Indian Cultural Festival at Széchenyi István University

On Saturday, 16th June, the new Aula of Széchenyi István University was the venue for a celebration of the 3rd Ganga-Danube Intercultural Festival and the 4th International Yoga Day.

Vice-rector of the University, Dr Lukács hosted the Festival and introduced guest speakers and performers. Organised in collaboration with the Indian Embassy of Hungary, to whom the University is indebted for their generous support and sponsorship, the rich and varied programme of cultural events was well attended and greatly appreciated by Festival participants.

Dr Eszter Lukács, Vice-rector

 

An electrifying opening performance featured a Kuchipudi dance recital, beautifully executed by Gabriella Tóth Garima and her Tarangam Dance Company. Deeply engaged for more than twenty years in Indian Classical dance both in Hungary and in India, where she has spent long periods on study tours, Ms Garima is a highly acknowledged choreographer and the only Hungarian soloist of the South-Indian Kuchipudi Dance. One of the eight major Indian classical dances, the contemporary interpretation of Kuchipudi dates back to the 13th century.  The highlights of the dance repertoire were three exquisite solo Kuchipudi pieces performed by Ms Garima. The exacting footwork and expressive gestures of her hand, eye and face movements were most enthusiastically applauded by the audience. Visitors also obviously appreciated the outstanding endeavours of the sari-clad members of her ensemble in the group performances.

 

Gabriella Garima

 

 

The Tarangam Dance Company

 

Following the Kuchipudi recital, Dr Asmita Wele, Professor of the Department of Pharmacology and Pharmacotherapy and Chairperson of the Ayurveda chair at the University of Debrecen, gave a fascinating lecture on a variety of aspects of Ayurvedic medicine and Indian culture. Derived from two Sanskrit words, ayus (life) and vid (knowledge), Ayurveda is practised as the “science of life”. In her talk, Dr Wele emphasized how Ayurveda practitioners are as much concerned with enhancing the quality of life and the prevention of ill-health as they are with the treatment of disease. She emphasized how contemporary Ayurveda promotes the attainment of vitality by building a healthy metabolic system and by maintaining good digestion and excretion. The professor initially outlined the central concepts of Ayurvedic medicine: the theory that health exists when there is a balance between three fundamental bodily bio-elements or doshas called Vata, Pitta and Kapha.  Doshas are the forces that create the physical body, determining conditions of growth and aging, health and disease. Typically, one of the three doshas predominates and determines one's constitution or mind-body type. By understanding patients’ individual habits, emotional responses, and body type, practitioners can adapt their approach and treatments accordingly.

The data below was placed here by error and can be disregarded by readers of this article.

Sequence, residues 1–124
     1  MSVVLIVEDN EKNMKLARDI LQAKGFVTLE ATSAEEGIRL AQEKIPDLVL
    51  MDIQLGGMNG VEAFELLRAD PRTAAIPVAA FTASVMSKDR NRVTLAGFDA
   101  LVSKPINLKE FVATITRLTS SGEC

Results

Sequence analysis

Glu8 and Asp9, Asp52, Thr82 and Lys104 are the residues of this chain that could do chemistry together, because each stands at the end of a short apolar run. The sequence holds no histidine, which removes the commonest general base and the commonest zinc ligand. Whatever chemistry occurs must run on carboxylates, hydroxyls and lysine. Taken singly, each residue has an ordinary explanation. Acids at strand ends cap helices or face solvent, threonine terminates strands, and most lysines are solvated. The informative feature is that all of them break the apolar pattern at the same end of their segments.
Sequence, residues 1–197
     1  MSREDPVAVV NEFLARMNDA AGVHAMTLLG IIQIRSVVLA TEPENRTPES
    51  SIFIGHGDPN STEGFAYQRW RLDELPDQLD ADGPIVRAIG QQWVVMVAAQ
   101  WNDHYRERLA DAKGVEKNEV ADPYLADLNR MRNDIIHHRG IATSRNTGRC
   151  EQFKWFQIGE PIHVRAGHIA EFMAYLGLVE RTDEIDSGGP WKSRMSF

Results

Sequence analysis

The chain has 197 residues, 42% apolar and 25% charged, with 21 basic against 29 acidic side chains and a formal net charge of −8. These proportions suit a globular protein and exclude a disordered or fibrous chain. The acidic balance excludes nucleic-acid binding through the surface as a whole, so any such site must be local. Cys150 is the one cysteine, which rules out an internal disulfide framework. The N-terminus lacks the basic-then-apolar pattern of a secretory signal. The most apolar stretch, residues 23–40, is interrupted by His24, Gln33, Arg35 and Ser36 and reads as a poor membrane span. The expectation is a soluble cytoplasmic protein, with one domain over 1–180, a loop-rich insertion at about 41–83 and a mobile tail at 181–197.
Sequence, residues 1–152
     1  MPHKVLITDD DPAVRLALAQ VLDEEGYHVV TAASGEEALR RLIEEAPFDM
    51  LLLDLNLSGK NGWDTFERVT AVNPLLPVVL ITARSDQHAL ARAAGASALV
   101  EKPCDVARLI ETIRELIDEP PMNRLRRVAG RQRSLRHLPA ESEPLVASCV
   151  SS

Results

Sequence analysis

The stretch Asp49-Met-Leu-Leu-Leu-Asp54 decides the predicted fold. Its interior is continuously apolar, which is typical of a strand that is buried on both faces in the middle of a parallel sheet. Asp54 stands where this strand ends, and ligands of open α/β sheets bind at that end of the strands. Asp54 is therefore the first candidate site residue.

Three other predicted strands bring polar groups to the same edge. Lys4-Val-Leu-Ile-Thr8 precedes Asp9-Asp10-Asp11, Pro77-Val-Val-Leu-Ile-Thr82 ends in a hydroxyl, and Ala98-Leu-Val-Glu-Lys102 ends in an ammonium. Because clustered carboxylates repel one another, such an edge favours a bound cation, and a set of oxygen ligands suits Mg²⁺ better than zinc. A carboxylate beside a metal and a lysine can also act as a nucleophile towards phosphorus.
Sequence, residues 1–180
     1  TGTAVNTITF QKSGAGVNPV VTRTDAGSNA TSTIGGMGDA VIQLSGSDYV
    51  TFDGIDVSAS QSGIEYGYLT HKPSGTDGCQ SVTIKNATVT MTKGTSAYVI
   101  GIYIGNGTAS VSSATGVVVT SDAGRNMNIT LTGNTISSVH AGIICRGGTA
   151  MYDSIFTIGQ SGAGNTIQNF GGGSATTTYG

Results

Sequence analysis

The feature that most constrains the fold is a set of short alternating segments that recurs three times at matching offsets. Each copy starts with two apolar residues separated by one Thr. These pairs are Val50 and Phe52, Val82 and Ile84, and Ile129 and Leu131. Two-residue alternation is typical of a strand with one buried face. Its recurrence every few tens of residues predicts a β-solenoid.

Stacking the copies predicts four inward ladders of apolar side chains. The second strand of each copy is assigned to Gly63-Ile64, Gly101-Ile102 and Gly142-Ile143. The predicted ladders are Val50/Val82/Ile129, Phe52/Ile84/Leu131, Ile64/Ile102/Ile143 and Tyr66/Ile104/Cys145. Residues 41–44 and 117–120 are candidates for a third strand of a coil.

Dr Asmita Wele PhD

 

The Indian Embassy in Hungary generously sponsors programmes to raise awareness of leading a healthy and conscious lifestyle by following the ancient, traditional Indian art and health-care system of yoga. So it was especially fitting on 16th June, the 4th International Day of Yoga, a UN day of Observance, that the final event of the programme should be a practical demonstration of a range of yoga activities and techniques according to the system “Yoga in Daily Life”, represented and facilitated by Dr Tamás Cseuz. The audience was introduced to the multiple health benefits of practising yoga, and subsequently guided through a comprehensive set of yoga exercises. Dr Cseuz convincingly demonstrated how yoga can bring relaxation, reduce stress and increase general health and stamina, improving the adverse conditions brought about by modern sedentary lifestyles.

 

Dr Tamás Cseuz


Mehndi is a form of body art from Ancient India in which decorative designs are created on a person's body, using a paste created from the powdered dry leaves of the henna plant. Throughout the whole Festival programme, mehndi artists were in attendance, offering to decorate participants’ hands and arms with traditional patterns. Many visitors gladly took advantage of this service which, like all the other elements of the programme was completely free of charge.

 

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